My earliest memory was a costumed prospector biting into a bullet of golden chocolate. By then I was already too large for the ornamental railroad, but that didn’t stop my father from folding all my folds into the front seat, then waving as the engine croaked forward. I wasn’t a baby’s baby. At christening I gripped chain crosses that relatives slathered around my neck. My mother refused the heirloom ankle bracelet, claiming it looked like bondage, but I don’t think she meant it that way.
Decades later I would garner recognition for my scholarly article on the withdrawal method. It involved substantial field research and observable outcomes. I pasted Venn diagrams on the walls of my carrel in the library. Thankfully the philosophy professor who shared that space never tampered with my wet mounts. I had to relate everything back to post-structuralism. My prospectus earned a special commendation from the graduate college.
Sometimes I have a dream of walking onto the stage of an amphitheater, thronged by fans of my intellectual property. And then I realize it’s just another job interview. No matter how many times I do it, and how much the jitters fade and the adrenaline kicks in, whatever the operating system, hooking up projection cables will give me palpitations. I pretend to be in my previous incarnation as figure model for the rehabilitative art class, where I was just a series of widening circles.
I didn’t expect infiltration of the natural family planning seminar to be so depressing. Sure, I made great casseroles, but they were for somebody else’s husband. I stuttered and told everyone my name was Madrigal. Like the feast. We started with a familiar prayer. Halfway through I shimmied out the rectory window and landed in a boudoir of wet, trembling yews. Maybe I shouldn’t have mentioned that it was all old news to me, or quoted my substantive findings.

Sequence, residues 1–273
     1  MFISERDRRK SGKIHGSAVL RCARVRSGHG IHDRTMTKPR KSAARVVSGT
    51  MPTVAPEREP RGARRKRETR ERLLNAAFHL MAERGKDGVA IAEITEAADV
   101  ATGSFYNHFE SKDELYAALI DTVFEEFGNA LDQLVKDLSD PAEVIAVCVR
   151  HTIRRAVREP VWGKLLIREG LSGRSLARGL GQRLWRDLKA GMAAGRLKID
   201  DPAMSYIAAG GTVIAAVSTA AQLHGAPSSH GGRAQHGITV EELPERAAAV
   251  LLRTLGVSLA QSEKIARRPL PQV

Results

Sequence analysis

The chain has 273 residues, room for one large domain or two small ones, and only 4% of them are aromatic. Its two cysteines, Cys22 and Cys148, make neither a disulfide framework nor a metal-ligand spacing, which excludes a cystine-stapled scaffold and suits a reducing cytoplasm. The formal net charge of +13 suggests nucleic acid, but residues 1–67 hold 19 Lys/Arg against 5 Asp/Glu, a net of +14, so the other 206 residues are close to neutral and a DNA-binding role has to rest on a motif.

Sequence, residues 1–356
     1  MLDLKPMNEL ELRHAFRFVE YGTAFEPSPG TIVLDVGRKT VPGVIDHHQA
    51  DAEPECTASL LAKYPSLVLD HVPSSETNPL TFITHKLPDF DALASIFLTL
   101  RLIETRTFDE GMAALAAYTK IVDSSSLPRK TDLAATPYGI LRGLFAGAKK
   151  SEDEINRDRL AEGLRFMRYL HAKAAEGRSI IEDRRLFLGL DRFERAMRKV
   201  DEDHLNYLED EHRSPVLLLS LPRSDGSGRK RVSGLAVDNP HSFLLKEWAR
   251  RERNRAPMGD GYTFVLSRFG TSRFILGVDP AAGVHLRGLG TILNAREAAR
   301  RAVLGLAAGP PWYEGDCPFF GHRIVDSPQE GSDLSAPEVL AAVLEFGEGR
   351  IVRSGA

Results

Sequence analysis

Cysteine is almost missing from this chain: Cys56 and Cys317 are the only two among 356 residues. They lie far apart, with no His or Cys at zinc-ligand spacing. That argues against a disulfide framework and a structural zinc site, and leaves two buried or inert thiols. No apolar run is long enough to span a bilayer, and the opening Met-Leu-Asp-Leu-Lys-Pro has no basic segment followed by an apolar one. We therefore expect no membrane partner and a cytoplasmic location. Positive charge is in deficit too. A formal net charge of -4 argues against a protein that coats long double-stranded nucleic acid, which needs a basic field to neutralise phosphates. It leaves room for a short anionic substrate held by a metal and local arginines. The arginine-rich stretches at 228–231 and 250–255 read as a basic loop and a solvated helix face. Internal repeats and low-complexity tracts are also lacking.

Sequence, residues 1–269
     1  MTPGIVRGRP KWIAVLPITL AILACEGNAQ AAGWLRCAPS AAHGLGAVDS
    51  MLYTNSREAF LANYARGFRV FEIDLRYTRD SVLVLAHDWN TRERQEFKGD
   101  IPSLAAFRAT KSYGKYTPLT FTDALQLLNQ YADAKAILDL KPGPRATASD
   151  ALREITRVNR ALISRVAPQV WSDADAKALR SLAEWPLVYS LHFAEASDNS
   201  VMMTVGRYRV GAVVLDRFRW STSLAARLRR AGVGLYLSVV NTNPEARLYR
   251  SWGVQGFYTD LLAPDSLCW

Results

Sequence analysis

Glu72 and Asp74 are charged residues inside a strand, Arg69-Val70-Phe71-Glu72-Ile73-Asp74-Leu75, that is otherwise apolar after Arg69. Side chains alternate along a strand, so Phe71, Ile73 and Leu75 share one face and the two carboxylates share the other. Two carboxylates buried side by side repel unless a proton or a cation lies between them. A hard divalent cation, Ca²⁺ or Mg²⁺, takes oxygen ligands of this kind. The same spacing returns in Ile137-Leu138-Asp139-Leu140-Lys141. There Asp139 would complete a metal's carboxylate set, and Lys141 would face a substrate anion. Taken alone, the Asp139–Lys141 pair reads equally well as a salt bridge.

Of course there were one or more men who made up the control group. Afterwards we’d ride the train together, intentionally choosing the un-flocked seats. There was a downtown apartment building where children packed the rooftop pool at all hours. I’d cross and un-cross my legs according to what emanated from my headphones. Maybe I would also sing a little, then phone in an order for spicy take-out. Next door to the restaurant, ninety watts of blue neon shouted: skill games.
Tell me about a time when things did not turn out as planned.
If you self-identify as a “gentle giant,” please omit that detail
along with the story of stale snacks left in your desk drawer
by an unknown predecessor. We’ve all hazarded a taste from
that box of crackers, and prefer not to revisit the moment, so
stick with ideas for new elevated ingredients, deleted scenes
from another one of those films you invented in a moment of
panic. Some colleagues keep gossip like a baby. Others pride
themselves on bundling years of smack talk into a fine layette
and then perambulating the river walk. Ask somebody how to
operate the electric stapler and you may end up in a camp for
the sad, a retreat on community policing with endless blank
coloring books as curriculum. In the most avant-garde films
from your terror dreams, the cool kids hide away for group
quizzes in remote quadrants of the forest preserve, or so you
tell the group of bystanders assembled at your pizza lunch,
a downgrade that feels deceptively hospitable. Please share
any questions that may erupt like the host of bats that shot
from the ceiling when we attempted hanging red streamers
to celebrate the new fiscal year. If a film is too saucy then
kindly reconsider detailing the depth of every crevice, or
how the paper shredder addressed nobody in particular yet
dragged every desk to the corridor like a wet railroad song.
Mary Biddinger is author of five full-length poetry collections, most recently Small Enterprise and The Czar (both from Black Lawrence Press). Her poems have appeared or are forthcoming in Green Mountains Review, jubilat, Grimoire, Pleiades, and Five Points, among others. She lives in Akron, Ohio, where she teaches at the University of Akron and edits the Akron Series in Poetry.